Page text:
A few years ago I met a couple who had a six month old. In the course of our conversation, they said something about how parenting is easy, especially for them because they both grew up in really good families. I tried to keep a straight face, but the thoughts that went through my head went something like this: "Did she seriously just say that? What planet are they from? Should I break the news that their sweet baby is going to make them pull their hair out in about a year and a half?"
Because, people, this parenting gig isn't what I would call easy.
Take yesterday in my house as an example:
There were three pee accidents. Three.
After one of those accidents, I put our littlest Little in the tub. He loved it. He loved emptying the entire (brand new) bottle of kid shampoo into the tub. Why, I asked myself, why did I splurge for the "all-natural, free of all the cancer causing chemicals that the other brands have" shampoo?
This normally very happy three year old later got angry because I cut his bagel wrong (which was, I might add, exactly how he asked me to cut it). Bagel and jam were thrown across the dining room floor, spots of jam splattered on the wall. And then the kid sobbed for a good 15 minutes while I held him. When he stopped sobbing, he screamed at me that he wanted his bagel. There was even a moment when, after he picked up the pieces of bagel and threw them away, he sobbed again and tried to fetch them out of the garbage to eat.
The five year old had yet another tummy ache and laid down on the floor of the school hallway when I went to pick her up. She declared (loudly and angrily) that she is never going to school again.
And then there's the seven year old who got into a fight with her sister over a crumpled piece of paper. Yes, you read that right. My kids were literally close to throwing punches over a crumpled piece of paper that had NOTHING on it. It wasn't a piece of art that she had worked on for hours. It wasn't a note from her BFF. It was a blank piece of crumpled paper.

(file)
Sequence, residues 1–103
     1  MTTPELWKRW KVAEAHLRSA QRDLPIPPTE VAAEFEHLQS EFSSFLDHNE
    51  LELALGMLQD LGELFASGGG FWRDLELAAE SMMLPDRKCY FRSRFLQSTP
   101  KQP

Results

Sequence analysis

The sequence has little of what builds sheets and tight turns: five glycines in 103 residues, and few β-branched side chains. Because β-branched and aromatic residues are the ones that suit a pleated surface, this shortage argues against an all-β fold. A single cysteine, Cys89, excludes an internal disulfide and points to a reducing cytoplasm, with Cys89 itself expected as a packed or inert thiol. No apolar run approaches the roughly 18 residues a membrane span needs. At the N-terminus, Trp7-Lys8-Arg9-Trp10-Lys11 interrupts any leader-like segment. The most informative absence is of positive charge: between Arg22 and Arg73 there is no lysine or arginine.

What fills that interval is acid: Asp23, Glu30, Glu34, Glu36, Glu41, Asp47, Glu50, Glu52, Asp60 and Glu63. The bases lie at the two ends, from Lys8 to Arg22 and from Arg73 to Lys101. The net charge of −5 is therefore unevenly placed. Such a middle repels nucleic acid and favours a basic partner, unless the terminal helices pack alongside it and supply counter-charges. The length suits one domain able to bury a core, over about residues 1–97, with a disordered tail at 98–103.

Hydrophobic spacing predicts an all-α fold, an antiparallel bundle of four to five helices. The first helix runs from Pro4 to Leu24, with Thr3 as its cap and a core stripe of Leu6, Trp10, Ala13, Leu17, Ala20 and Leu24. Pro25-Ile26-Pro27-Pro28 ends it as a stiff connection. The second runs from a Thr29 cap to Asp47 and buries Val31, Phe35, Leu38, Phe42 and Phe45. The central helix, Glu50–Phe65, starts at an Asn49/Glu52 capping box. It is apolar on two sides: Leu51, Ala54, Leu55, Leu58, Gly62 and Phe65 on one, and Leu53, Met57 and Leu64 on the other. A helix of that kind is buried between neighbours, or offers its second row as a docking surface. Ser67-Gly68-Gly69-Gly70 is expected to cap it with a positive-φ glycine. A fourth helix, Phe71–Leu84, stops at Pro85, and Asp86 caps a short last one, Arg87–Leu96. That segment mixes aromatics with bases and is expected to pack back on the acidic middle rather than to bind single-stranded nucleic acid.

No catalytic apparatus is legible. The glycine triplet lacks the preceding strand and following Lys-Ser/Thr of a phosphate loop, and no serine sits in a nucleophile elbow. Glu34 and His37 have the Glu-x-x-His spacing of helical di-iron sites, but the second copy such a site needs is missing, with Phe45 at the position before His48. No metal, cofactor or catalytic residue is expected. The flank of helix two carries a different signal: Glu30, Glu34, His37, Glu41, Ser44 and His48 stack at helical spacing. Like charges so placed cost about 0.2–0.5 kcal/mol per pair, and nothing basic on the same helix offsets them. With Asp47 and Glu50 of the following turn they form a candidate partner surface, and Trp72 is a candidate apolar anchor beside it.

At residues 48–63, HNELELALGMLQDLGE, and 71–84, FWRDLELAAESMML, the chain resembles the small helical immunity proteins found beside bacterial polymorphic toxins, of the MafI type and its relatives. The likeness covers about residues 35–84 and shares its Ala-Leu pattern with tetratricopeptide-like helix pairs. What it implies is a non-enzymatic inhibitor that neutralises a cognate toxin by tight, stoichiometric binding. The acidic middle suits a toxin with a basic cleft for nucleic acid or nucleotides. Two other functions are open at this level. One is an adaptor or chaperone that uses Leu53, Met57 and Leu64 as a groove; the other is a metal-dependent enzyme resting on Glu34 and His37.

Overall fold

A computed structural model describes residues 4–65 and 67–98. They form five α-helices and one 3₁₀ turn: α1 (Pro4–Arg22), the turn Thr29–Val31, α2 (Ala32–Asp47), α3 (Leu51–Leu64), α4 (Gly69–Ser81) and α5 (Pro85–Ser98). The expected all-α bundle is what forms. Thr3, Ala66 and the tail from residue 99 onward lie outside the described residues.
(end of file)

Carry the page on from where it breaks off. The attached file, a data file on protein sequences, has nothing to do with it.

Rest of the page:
I might have handled the bagel situation like a pro. And I managed to get the 5 year old back to school today, so I consider that a win. But I did lose it over the paper fight. I had to apologize to my kids for not handling it so well.
Some days are just hard. If you have kids, chances are you have some stories of the hard days. The days when they melt down because you gave them milk in a green cup instead of a purple cup. Or you take them into the store to pick up one or two things and end up being the reason for the announcement blaring overhead, "Wet clean-up in aisle 5."
I feel ya.
Those are the days when it's important to have a stash of chocolate and a subscription to Netflix. And a bathroom door that locks. And friends that allow us to vent for a few minutes.
Even though my five year old walked a block home from school today in just her sock feet (and, people, it's cold here) I'm trying to remember in the hard stuff that being a parent is a gift. I'm trying to offer grace, not just to my kids, but to myself. To forgive and seek forgiveness. To learn to laugh at myself. And to say yes when someone offers to help.
We're learning as we go, all of us.
Solidarity, my fellow parents, solidarity.
(And, parents of young kids, let's be honest, these days are hard, but we know that the really hard stuff is coming in a few more years).
Okay, now tell me about your funniest hard days with kids in the comments section.